The arts enrich our lives in many ways – whether it’s feeling inspired while gazing at the brushstrokes upon a canvas; getting hit with a wave of nostalgia as a guitarist plucks the chords to a tune you heard way back when; or happily losing yourself in a tale penned by one of our many gifted wordsmiths.
Aside from contributing to a fulfilling life, arts and cultural activities are a boon to the economy. In fact, the Conference Board of Canada pegs the annual contribution of the country’s arts and culture industry at $46-billion annually (or 3.8% of the total GDP). According to Statistics Canada, the cultural sector contributed $379-million (1.4%) of GDP to the economy of this province in 2010.
Formed just over a year ago, Bonavista Living is breathing new life into the town by restoring 25 of its architecturally and historically significant buildings to their former glory. A separate branch of the business, Bonavista Creative will offer commercial space for artists (and other professional services not currently operating in the area) to help foster new businesses that will contribute to the community and local economy.
Bonavista Creative has already made inroads in helping transform the town into a creative hub. This past summer, the organization brought together 16 local, regional and provincial artists for their first annual Pop Up Art Gallery Exhibition and Art Walk on Church Street. Ruth Weller-Malchow, Director of Bonavista Creative, says the goal was to gauge local interest in a yearly visual arts event.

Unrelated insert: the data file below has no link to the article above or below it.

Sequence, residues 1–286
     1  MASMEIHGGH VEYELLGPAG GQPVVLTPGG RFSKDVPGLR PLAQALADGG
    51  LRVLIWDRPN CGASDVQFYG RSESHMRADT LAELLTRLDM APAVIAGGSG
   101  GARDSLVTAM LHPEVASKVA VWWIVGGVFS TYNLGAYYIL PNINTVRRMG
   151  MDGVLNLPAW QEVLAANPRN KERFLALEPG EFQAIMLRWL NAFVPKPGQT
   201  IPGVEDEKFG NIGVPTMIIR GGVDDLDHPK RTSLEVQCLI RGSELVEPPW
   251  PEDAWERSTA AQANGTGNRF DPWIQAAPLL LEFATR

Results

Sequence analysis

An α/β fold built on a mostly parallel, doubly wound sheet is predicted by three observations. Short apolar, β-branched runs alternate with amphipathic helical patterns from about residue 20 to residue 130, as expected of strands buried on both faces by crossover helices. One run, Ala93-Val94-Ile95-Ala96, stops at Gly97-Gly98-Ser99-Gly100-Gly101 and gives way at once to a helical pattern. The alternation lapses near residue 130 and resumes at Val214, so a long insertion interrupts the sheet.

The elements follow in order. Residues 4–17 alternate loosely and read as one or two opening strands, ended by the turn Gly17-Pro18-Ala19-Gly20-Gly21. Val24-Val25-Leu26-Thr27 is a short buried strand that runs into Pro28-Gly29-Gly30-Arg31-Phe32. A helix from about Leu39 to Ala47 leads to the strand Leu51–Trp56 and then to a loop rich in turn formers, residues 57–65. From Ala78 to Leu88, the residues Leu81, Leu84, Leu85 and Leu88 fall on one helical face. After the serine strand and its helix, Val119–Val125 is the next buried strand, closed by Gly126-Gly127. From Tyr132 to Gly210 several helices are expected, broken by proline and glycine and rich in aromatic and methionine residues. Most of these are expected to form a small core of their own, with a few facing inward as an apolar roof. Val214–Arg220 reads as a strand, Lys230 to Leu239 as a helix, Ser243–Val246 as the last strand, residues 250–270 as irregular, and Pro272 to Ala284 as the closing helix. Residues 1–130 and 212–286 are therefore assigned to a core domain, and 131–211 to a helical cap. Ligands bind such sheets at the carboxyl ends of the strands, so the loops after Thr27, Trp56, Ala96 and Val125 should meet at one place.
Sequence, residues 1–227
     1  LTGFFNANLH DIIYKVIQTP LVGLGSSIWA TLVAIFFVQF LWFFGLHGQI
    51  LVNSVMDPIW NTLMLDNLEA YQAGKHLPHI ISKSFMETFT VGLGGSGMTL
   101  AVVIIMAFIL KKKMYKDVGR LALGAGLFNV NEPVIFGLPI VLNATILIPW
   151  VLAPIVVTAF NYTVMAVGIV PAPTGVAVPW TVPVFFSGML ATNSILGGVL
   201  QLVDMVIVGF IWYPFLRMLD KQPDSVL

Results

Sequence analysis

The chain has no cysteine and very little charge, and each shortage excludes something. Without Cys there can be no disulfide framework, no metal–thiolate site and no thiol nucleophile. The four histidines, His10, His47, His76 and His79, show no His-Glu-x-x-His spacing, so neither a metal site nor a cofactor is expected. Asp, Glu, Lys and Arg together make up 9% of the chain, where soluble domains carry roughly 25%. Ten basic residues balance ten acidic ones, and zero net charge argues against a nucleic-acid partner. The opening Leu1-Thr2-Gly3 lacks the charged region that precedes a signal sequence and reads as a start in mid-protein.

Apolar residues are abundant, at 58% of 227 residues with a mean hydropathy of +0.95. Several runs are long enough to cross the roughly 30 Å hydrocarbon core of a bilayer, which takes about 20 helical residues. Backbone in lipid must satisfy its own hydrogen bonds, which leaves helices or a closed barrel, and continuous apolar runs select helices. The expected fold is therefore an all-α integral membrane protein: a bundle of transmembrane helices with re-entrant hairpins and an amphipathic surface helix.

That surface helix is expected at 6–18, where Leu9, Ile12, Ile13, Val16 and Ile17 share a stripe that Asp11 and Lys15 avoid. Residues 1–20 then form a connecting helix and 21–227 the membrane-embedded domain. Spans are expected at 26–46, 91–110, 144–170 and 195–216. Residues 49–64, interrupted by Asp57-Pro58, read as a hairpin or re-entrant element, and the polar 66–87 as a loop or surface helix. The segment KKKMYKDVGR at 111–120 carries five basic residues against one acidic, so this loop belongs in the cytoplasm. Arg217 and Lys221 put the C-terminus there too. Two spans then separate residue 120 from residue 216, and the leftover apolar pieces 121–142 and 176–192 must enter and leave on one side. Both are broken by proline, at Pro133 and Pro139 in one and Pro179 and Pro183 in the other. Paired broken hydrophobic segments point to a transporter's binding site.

“It’s important that we work together with these communities, and also with visitor and cultural industry firms and agencies, in order to maximize the social, cultural and economic development benefits for the entire region,” she explains.
“Elliston has the yearly culinary event ‘Roots, Rants and Roars,’ Trinity has its theatrical offerings and Bonavista already has the amazing summer music/theatre events at the Garrick Theatre. So we felt that the creation of a Bonavista Art Walk would enhance and broaden these existing, well-established cultural industry activities and that this, in turn, would serve to attract more visitors to Bonavista and to the region as a whole.”
In addition to giving the artists exposure, the event also gave visitors and residents the opportunity to take in visual art in unique local venues, while showing venue operators (such as Parks Canada, who offered up two buildings as exhibition spaces) how to expand upon their existing offerings.
“This brought more visitors to these sites and also demonstrated new ways to utilize these buildings and their interior space,” says Weller-Malchow.
The event was well-received with enthusiasm across the board, Weller-Malchow says, and plans are already underway for the next instalment, which will include a number of established and emerging artists from around the province.
“With so few galleries in the province and so much talent in the visual arts, Art Bonavista intends to give artists another opportunity to exhibit their work,” she says.
“We have also been in discussions with venue operators that partnered with us this past year, and some have already agreed to let us use their spaces next year…In addition, we will, of course, be using several of the Bonavista Living premises currently being restored, or which already have been restored, as ‘pop-up’ galleries or venues for ‘guerrilla’ artists.”
With The Boreal Diner and Aunt Sarah’s Chocolate Shop set to open inside the George Templeman House and Linthorne Shop buildings respectively in the spring of 2016, and plans for a Bonavista Biennale in 2017, the cultural and creative revolution in Bonavista is in full swing.